If you have a good farmers market in your area, this makes the process much easier. You no longer need to worry about what’s in season, that’s a plus. You can get to know where your food comes from, and how it’s grown, just ask. On the food spectrum of best to worst, locally grown, and crafted foods are always best. It’s a social activity that can be fun as well. So gather up the tribe and hit the market for the highest quality food available. I try to buy local meat, cheese and produce whenever I can.
If farmers markets are scarce in your area, troll local Facebook groups, and other social media platforms for some leads. You’ll be surprised how much food is grown locally. A lot of times in the summer people are giving food away.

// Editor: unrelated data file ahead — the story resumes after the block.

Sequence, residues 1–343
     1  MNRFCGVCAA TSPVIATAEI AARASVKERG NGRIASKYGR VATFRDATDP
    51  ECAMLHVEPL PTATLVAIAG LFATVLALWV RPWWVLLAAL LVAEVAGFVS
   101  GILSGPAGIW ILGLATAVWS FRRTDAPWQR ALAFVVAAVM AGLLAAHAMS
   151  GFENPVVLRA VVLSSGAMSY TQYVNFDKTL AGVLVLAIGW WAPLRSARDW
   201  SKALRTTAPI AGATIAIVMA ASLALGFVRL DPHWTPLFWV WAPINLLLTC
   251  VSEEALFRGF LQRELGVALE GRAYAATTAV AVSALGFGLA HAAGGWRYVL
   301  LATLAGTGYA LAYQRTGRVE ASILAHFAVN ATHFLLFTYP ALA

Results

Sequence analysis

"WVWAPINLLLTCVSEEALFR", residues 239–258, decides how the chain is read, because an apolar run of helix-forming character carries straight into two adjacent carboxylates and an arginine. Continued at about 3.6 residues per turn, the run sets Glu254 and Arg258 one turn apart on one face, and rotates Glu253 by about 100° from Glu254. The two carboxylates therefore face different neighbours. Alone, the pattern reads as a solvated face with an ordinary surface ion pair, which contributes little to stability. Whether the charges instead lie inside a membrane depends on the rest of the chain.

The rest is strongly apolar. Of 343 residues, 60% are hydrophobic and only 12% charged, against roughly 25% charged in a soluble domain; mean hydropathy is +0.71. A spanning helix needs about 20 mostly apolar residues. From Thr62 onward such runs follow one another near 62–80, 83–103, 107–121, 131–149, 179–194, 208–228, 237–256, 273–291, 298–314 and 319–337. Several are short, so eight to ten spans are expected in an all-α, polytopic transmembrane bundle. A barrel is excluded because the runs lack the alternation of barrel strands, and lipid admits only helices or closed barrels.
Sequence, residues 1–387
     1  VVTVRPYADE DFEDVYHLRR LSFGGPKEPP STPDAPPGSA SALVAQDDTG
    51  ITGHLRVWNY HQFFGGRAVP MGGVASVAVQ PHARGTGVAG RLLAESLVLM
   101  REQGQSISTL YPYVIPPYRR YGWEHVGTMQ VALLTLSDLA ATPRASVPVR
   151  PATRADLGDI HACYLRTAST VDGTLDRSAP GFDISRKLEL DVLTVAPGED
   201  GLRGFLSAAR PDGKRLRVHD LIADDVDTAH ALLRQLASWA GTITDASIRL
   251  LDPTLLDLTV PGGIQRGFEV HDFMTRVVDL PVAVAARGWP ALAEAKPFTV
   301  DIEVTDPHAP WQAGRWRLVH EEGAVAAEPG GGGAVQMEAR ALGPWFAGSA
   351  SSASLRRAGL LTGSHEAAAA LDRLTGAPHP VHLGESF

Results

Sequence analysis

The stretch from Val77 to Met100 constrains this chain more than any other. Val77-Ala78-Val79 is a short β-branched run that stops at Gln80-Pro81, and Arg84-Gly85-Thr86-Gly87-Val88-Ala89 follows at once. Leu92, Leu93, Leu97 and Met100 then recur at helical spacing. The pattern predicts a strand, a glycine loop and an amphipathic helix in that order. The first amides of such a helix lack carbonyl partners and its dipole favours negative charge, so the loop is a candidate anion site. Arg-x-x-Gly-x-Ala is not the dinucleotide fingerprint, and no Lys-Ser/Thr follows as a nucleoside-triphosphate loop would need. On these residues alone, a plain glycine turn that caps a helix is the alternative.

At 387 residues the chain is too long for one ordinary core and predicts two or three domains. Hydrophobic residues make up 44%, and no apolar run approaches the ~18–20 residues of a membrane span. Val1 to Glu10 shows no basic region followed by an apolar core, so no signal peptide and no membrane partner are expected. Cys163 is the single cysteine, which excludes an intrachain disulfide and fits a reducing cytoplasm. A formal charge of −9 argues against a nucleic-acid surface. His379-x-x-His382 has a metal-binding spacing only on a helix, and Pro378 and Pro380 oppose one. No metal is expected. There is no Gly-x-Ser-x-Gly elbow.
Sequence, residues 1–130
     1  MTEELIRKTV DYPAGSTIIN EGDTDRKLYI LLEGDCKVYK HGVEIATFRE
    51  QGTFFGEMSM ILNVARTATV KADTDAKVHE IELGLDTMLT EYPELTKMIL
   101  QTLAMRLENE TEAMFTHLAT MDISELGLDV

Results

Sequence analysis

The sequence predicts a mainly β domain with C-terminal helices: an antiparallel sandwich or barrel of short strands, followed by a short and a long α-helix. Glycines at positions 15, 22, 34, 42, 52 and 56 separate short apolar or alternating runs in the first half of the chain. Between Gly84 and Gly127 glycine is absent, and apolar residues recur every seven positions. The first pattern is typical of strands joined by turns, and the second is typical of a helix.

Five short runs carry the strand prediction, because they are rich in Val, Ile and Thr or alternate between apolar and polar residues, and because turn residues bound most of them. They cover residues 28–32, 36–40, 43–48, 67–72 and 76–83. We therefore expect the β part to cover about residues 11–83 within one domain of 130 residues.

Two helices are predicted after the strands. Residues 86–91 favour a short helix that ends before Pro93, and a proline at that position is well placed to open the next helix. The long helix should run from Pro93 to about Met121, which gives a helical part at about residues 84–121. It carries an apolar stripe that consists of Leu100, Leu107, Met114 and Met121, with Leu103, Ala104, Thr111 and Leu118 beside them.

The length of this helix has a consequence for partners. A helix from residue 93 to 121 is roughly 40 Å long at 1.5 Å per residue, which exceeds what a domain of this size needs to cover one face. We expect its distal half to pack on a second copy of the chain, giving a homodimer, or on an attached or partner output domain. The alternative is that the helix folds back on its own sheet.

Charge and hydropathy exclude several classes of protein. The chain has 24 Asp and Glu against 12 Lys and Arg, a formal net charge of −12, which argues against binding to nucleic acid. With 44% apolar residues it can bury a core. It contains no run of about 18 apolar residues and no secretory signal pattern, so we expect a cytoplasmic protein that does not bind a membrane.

Grass-Fed is Not Always Best:
As mentioned above, the best source of meat and produce is local. It doesn’t matter if it’s certified organic or labeled as free-range. When you’re at the farmers market, just ask, and the farmer will be more than happy to talk about how he raised his livestock. This grass-fed label can be confusing. What you want to look for is 100% grass-fed, on the package or grass-fed grass-finished. If it just says grass fed, that means the animal grassed on some grass, in its life, and can be called grass-fed. Certified Organic is the next choice, just remember that this cow could have been grain finished, still cleaner than conventional meat, organic doesn’t always mean the best, but it’s a good choice.
Never Overlook Lamb:
The best thing about lamb, it’s delicious! Most lamb is also raised on grass. Lamb is versatile but can have a strong flavor. I suggest finding some Middle Eastern lamb recipes. As a general rule, lamb takes well to the flavors of salt, garlic, cumin, and lemon. In some regions, lamb is actually a cheaper alternative to 100% grass-fed beef.